Lagos State Government has said it planned to plant 230,000 tress between now and the end of the year even as its urged residents to imbibe a clean, improved and enhanced positive approach to a climate friendly environment in order to encourage agro-forestry.
The Special Adviser State Governor on Agriculture, Ms. Abisola Olusanya who made this known over the weekend on the occasion of 2020 International Day of Forest explained that these measures become imperative in order to discourage tree felling as well as prevent flooding in the State.
She noted that the underlying effects of climate change had over the year led to loss of properties all over the world, stressing that the theme of this year’s celebration which is Forests and Biodiversity’ was aimed at promoting education for the love of forests, underscoring the importance of education at all levels in achieving sustainable forest management and biodiversity conservation.
“The importance of today’s celebration cannot be over emphasized, especially against the background of the effects of climate change resulting from the destruction of our forests which in turn have killed millions, displaced millions and have led to the loss of properties and structures worth billions of dollars all over the world,” Olusanya said.
She explained that climate change effects, which include water stress, flooding, earthquake, earth movement, flash flooding, erosion of different types and degrees were due to the uncontrolled removal of forests leading to 13 million hectares of forests being destroyed annually.
According to Olusanya, deforestation accounts for about 20% of the global greenhouse gas emissions that contribute to climate change regardless of the importance of forests which are the most biological- diverse ecosystems on land.
The Special Adviser opined that over 1.6 billion people of the world population including more than 2,000 indigenous cultures depend on forests for livelihoods, medicines, fuel, food and shelter adding that this led to a prediction in 2011 by the Food and Agriculture Organization (FAO) that by this year, if the rate of deforestation was not seriously reversed, the country would lose her entire forest cover.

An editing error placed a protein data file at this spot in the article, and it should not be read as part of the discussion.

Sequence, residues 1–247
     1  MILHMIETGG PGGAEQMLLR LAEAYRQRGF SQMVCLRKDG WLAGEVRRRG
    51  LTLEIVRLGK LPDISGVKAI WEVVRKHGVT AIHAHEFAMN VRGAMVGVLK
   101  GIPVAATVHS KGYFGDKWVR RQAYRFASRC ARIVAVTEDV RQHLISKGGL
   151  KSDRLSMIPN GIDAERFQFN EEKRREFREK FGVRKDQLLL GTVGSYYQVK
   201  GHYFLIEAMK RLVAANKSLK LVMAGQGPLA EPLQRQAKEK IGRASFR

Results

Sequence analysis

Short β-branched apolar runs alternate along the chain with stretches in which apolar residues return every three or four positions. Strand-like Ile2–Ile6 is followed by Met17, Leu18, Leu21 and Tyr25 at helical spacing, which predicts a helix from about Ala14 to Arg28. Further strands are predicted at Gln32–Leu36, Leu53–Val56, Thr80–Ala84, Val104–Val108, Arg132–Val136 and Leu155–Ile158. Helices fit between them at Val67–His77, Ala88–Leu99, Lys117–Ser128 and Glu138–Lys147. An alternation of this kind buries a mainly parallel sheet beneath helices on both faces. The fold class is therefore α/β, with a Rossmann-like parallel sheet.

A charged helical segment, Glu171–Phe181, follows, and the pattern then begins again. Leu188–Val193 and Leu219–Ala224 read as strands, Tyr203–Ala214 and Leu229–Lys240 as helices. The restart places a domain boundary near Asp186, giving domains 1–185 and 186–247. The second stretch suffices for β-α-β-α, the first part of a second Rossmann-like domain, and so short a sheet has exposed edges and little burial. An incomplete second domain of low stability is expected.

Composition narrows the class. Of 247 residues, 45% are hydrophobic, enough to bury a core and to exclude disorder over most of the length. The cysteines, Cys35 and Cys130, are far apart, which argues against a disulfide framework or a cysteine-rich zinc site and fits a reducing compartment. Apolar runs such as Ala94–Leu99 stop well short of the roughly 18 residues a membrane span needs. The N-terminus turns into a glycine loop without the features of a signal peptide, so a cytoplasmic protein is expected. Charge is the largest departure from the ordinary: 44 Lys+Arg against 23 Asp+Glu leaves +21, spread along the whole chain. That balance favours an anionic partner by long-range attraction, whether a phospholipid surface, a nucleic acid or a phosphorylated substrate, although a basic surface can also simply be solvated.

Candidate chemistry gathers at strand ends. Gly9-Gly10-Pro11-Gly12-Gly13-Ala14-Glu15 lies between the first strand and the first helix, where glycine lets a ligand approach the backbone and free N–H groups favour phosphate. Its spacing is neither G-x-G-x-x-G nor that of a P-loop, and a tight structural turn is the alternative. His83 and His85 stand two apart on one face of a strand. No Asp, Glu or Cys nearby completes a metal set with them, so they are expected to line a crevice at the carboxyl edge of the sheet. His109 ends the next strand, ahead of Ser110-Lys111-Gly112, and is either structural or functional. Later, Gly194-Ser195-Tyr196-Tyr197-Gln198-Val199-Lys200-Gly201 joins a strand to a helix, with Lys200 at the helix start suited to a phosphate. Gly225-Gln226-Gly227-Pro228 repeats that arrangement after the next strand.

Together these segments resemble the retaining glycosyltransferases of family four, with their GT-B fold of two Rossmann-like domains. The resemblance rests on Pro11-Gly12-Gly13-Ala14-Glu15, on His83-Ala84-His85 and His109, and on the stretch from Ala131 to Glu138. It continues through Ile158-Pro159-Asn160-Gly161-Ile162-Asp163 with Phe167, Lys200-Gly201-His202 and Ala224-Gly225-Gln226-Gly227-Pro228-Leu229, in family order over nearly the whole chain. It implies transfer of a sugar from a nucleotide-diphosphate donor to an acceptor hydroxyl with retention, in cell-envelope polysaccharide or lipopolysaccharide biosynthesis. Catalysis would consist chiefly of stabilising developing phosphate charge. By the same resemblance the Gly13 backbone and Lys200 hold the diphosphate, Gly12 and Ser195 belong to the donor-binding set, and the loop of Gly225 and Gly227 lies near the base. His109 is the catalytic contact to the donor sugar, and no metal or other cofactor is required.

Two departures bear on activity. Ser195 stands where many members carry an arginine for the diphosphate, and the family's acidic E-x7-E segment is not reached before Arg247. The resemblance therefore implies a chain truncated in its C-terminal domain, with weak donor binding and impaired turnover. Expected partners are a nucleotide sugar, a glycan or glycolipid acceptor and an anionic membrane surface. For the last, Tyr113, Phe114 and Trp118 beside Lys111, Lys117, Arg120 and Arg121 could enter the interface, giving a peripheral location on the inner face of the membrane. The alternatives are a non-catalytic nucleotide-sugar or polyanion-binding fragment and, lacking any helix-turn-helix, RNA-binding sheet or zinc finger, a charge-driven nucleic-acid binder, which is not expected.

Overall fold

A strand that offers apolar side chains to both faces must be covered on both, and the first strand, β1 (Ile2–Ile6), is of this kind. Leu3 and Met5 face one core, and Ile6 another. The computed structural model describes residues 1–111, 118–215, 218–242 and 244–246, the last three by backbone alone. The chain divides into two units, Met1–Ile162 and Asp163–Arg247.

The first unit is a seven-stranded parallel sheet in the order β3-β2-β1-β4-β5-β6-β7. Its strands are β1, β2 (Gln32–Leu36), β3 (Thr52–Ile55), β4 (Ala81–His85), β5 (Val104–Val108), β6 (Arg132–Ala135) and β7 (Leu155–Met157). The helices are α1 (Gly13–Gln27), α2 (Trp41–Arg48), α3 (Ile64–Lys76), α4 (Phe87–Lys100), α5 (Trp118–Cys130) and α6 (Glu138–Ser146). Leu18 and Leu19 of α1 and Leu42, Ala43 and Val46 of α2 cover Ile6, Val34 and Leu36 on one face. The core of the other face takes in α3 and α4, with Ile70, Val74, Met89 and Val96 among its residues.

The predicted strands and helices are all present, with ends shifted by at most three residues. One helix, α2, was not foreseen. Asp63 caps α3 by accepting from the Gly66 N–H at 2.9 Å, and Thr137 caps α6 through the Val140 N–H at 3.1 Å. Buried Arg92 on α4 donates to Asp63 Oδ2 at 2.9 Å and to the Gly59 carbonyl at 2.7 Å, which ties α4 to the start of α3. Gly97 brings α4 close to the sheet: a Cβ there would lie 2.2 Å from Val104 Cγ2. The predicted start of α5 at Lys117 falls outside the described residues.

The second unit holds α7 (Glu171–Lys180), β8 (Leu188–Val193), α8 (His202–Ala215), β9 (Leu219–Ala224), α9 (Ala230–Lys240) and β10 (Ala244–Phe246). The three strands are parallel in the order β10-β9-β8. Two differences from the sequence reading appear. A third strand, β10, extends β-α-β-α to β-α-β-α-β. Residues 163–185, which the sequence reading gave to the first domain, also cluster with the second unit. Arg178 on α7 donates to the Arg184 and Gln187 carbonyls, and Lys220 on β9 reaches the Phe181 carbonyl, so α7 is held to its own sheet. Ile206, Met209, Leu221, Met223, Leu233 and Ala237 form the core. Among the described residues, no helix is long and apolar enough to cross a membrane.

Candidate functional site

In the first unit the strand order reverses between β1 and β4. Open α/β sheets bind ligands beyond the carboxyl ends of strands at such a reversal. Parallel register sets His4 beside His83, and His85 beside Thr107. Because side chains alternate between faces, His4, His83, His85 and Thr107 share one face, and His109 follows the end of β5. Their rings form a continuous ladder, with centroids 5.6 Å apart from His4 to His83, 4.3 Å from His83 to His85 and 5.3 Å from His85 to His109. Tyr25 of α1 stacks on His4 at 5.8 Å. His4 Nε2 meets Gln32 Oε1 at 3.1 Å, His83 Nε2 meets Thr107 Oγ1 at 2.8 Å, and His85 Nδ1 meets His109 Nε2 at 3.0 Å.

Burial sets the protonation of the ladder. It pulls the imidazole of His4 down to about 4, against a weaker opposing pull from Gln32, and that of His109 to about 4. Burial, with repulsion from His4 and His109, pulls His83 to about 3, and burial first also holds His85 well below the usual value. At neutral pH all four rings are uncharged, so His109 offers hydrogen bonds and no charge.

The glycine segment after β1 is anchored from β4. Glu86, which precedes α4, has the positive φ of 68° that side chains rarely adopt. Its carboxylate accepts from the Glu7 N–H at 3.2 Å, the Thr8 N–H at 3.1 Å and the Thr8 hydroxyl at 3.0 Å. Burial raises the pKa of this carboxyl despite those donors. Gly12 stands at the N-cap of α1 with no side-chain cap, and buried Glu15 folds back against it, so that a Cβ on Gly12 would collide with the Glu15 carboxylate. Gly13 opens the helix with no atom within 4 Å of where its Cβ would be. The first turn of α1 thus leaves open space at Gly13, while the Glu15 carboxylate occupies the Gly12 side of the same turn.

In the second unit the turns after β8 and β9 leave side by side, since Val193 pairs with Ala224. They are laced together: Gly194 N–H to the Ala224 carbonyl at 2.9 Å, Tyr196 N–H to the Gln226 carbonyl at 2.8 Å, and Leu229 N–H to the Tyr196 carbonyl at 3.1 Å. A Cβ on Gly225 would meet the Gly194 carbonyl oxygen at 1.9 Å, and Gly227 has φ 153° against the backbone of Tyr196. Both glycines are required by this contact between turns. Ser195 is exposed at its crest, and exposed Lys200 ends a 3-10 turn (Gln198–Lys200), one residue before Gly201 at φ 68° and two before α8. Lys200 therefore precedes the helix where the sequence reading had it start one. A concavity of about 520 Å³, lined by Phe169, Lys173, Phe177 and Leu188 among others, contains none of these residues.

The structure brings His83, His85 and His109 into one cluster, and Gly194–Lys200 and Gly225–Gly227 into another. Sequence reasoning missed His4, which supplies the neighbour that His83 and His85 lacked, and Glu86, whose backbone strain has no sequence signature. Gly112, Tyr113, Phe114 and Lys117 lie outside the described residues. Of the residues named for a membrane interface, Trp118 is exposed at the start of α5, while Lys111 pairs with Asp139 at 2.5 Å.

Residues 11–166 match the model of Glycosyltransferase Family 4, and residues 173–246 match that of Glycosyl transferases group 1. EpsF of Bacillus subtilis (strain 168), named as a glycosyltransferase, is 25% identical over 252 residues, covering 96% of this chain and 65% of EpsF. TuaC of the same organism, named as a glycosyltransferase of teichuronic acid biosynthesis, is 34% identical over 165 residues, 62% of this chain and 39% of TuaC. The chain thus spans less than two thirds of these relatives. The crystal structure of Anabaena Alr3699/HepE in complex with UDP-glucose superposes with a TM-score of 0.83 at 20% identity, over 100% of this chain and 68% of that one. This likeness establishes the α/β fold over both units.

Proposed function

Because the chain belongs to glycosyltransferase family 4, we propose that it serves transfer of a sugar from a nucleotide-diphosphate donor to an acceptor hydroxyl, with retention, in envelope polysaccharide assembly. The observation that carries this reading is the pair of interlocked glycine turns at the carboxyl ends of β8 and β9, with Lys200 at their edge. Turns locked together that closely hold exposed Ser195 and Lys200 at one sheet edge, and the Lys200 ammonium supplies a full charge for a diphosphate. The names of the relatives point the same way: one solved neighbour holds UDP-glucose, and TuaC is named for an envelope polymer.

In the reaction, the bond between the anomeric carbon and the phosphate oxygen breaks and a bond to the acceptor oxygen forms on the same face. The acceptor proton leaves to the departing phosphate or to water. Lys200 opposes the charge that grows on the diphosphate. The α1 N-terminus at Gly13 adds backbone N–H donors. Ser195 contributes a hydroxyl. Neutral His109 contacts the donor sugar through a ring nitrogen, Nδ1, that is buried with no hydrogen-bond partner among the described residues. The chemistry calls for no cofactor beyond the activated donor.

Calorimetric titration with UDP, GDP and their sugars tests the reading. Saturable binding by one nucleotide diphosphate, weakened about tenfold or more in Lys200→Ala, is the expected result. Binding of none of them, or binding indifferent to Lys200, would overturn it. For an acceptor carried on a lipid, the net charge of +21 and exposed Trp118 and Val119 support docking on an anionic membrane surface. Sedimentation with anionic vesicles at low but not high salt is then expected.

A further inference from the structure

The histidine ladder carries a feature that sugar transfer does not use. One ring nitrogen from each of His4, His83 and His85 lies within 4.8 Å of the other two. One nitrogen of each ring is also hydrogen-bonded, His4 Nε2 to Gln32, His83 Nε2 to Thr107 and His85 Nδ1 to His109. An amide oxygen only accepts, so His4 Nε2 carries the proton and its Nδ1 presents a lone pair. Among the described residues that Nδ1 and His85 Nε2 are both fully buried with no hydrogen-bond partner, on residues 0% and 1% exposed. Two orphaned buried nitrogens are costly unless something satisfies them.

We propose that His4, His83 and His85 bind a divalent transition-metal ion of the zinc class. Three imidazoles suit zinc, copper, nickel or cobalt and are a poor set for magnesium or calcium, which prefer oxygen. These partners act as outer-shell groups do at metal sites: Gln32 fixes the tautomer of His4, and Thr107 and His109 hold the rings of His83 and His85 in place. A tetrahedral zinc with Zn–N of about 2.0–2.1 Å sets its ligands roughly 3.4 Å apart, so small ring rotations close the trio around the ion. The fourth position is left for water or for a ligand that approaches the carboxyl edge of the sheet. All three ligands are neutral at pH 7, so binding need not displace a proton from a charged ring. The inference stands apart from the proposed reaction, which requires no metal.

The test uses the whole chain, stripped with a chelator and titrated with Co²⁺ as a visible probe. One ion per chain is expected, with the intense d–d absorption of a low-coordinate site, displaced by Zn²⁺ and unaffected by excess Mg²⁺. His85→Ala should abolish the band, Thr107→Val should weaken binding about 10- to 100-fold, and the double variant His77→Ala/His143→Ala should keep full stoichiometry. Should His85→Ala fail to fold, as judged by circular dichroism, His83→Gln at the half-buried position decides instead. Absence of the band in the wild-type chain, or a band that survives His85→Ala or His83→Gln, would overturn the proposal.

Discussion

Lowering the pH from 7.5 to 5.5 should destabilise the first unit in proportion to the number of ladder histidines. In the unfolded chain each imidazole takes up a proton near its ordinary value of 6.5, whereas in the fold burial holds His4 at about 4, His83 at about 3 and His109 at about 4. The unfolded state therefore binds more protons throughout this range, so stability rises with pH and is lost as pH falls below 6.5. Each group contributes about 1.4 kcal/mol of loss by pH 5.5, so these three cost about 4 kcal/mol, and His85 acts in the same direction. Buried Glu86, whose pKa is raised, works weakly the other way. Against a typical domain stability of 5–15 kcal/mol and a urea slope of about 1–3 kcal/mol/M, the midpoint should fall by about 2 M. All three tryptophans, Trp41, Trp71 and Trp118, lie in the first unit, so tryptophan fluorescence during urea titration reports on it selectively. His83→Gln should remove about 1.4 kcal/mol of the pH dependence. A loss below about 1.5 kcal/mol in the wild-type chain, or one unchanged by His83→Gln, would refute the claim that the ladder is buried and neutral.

Olusanya recalled that in 2011, the world experienced a series of unprecedented effects of climate change such as ice and glaciers melting, flooding, flash flooding, erosion, forest fire, drought and water stress caused by man’s unguided and careless actions such as clearance of forests and green areas for housing, road construction and other infrastructural provisions with little or no regard for prevention of forests that houses biodiversity which are into millions of discovered and undiscovered species that support life.
“Lagos was not left out of the sad experience as on July 10th, 2011, low and high lands were flooded while some areas such as Thomas area in Ajegunle, Ikorodu were eroded. These sad events would have been prevented if there are sufficient green areas (Forests), a function it performed during the Tsunami in Japan on 11th March 2011 to emphasize the importance of Trees.
“This in Y2018 led to flooding which affected 80% of the country and triggered more than 600,000 displacements that would have been prevented if there are green areas (World Bank report, Jan. 28 2020). This has also resulted to displacements of wildlife from their natural habitats such as reported in Omole, Gbagada and other places in the State where monkeys and baboons invaded houses. Various flora and fauna are endangered or going into extinction such as Khaya ivorensis, Mitragyna stipulosa and Manatees just to mention but a few in the State just like it is all over the world,” she averred.
Olusanya disclosed that Lagos today had over 600,000 hectare of agricultural land being bastardized by surface miners leading to the fear of the host communities being submerged.
The Special Adviser stressed that presently, the efforts at reforestation cannot be said to be proportional to the rate of exploitation which put the country at risk of losing its entire forest cover which might lead to continued experience of unfavorable climatic change effects occasioned by the continued release of harmful gases that would have been sequestrated by the forests.
Olusanya acknowledged that it was on this premise that the United Nations General Assembly held on 21st December 2012 chose 21st March of every year as the International Day of Forests where member States were encouraged to hold outreach activities to create awareness on the importance of forests and particularly to raise awareness of the importance of forests to people and their vital role in poverty eradication, environmental sustainability and food security.
According to her, sustainable management of all types of forests were at the heart of unlocking challenges of conflict-affected, developing and developed countries for the benefit of current and future generations.